UCP in Southern Thailand: Developing civilian protection guidelines for violence-prone communities


UCP in Southern Thailand: Developing civilian protection guidelines for violence-prone communities

The conflict in the Deep South of Thailand has lasted for over 18 years, with the state trying to resolve the issue militarily. This approach, however, has not ended the conflict. Unarmed civilian protection (UCP) is a tool that can be used to manage conflicts and help protect civilians in conflict areas. This research aims to develop guidelines for protecting civilians at the community level in the Deep South of Thailand and apply UCP theory and tools based on existing community infrastructures for protection.

The study will use a participatory research methodology and be conducted with a target group of three communities in Thailand’s southern provinces. With the participation and consent of all parties, the aim is to create a safer space in which communities pursue their own peace initiatives. The project team believe that the adoption of UCP mechanisms in the southern provinces of Thailand could also help to transform the use of securitisation and violent force by the state into the adoption of the nonviolent method to protect civilians. It will engage in discussions of UCP at the policy level to test this idea.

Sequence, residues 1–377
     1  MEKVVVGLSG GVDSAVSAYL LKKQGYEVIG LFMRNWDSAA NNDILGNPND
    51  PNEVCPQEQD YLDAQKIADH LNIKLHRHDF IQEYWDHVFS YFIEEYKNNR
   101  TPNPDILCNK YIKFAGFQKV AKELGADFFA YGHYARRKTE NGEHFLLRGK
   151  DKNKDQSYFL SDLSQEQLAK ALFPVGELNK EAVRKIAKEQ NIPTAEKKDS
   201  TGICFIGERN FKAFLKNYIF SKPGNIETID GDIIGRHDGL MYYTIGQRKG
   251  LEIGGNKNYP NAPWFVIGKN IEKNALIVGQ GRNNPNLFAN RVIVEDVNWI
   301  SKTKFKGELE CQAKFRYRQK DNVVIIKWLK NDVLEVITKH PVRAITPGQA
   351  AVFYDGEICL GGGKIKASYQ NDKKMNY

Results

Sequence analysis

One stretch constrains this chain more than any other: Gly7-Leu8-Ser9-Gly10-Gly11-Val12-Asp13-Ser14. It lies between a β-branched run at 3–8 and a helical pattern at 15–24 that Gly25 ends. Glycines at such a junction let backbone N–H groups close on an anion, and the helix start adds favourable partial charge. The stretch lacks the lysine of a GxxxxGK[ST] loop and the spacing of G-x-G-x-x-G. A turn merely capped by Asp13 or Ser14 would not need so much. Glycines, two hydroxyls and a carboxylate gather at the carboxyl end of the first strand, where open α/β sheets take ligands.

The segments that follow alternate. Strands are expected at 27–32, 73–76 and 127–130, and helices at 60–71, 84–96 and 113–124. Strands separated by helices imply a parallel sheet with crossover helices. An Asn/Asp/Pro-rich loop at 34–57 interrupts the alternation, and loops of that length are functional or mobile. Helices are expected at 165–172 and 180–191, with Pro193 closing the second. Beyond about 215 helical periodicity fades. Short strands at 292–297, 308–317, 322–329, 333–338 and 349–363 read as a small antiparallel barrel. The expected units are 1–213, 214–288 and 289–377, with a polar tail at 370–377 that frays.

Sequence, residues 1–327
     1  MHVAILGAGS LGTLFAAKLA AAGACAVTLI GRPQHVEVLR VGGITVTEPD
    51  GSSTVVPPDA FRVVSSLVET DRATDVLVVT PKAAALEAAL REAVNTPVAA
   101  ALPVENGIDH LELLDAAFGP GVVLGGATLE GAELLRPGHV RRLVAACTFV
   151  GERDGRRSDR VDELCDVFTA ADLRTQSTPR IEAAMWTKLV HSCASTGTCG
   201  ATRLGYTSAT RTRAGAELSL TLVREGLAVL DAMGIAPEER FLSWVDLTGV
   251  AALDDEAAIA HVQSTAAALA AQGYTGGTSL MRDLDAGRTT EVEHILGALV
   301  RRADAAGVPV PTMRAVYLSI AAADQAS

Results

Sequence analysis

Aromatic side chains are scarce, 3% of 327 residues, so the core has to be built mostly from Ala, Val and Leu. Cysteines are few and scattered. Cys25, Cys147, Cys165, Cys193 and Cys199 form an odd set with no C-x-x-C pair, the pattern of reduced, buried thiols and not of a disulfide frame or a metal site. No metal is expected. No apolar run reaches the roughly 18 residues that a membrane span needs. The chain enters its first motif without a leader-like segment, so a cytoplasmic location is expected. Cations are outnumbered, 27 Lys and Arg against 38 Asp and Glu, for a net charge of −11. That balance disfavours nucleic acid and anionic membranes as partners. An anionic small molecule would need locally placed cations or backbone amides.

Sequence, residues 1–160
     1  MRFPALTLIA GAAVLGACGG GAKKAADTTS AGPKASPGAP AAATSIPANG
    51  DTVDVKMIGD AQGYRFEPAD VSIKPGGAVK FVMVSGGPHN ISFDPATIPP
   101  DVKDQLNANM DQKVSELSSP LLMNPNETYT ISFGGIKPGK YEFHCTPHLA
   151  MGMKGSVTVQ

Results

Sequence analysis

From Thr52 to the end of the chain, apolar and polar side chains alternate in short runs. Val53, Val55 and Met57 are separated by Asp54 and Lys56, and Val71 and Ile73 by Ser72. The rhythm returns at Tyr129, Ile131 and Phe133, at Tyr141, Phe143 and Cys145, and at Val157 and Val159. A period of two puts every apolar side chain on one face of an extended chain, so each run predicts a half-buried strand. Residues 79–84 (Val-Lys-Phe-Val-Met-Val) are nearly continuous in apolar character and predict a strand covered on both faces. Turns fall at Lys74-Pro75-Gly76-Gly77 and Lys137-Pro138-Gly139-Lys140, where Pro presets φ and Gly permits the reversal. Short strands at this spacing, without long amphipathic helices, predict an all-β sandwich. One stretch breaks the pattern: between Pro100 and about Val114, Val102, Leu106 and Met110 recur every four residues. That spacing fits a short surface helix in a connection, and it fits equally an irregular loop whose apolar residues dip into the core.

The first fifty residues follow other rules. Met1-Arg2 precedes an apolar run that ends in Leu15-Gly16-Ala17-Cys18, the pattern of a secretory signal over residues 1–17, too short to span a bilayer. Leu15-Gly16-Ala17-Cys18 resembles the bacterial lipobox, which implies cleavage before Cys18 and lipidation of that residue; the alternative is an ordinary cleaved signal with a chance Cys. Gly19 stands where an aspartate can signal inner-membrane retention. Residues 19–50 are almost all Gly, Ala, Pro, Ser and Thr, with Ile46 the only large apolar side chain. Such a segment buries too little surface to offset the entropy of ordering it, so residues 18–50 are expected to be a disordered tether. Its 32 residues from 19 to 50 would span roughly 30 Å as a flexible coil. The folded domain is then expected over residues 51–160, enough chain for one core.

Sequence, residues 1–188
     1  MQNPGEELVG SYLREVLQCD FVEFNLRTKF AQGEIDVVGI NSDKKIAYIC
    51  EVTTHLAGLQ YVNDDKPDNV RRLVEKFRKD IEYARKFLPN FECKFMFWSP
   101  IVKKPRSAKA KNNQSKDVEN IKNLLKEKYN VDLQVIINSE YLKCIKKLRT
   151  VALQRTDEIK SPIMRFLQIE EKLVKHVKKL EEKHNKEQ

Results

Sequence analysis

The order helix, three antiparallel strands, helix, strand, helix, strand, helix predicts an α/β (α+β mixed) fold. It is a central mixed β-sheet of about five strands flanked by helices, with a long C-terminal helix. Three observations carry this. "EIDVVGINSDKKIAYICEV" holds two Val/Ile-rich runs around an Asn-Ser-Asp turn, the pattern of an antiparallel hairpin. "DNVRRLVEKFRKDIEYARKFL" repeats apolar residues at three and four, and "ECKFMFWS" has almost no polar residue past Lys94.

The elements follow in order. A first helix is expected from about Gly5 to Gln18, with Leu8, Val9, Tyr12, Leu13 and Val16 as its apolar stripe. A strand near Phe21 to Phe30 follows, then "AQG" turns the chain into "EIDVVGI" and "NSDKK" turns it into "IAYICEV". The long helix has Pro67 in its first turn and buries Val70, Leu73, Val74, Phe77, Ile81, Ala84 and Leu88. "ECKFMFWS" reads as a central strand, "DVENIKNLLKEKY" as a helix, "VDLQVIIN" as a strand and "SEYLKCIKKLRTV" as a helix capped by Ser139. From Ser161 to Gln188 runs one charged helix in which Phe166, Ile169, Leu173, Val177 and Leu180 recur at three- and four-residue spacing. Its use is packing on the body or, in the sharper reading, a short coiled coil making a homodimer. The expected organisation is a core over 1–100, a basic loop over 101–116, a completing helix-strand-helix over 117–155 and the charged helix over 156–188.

Research team

  • Fareeda Panjor, Prince of Songkla University (principal investigator)
  • Anchana Heemmina, Duayjai Group  
  • Yasmin Sattar, Prince of Songkla University
  • Nonviolent Peaceforce Philippines (project partner)

Initial Results

Researchers have completed 80 percent of the project. We interviewed 69 target groups in three target areas as part of the research process and received preliminary survey results. The investigation discovered that the UCP mechanism is a novel idea that is not yet known in Thailand’s southern border provinces and that its potential to protect people is not widely accepted. Basic knowledge such as human rights concepts and an understanding of conflict and peace processes must be provided during the process of establishing the UCP mechanism in each community. Along with the mechanism design process, the research team offered about the UCP mechanism and basic understanding such as human rights and the peace process. Future initiatives will include collecting data from the field and assessing it with data from international research of UCP mechanisms.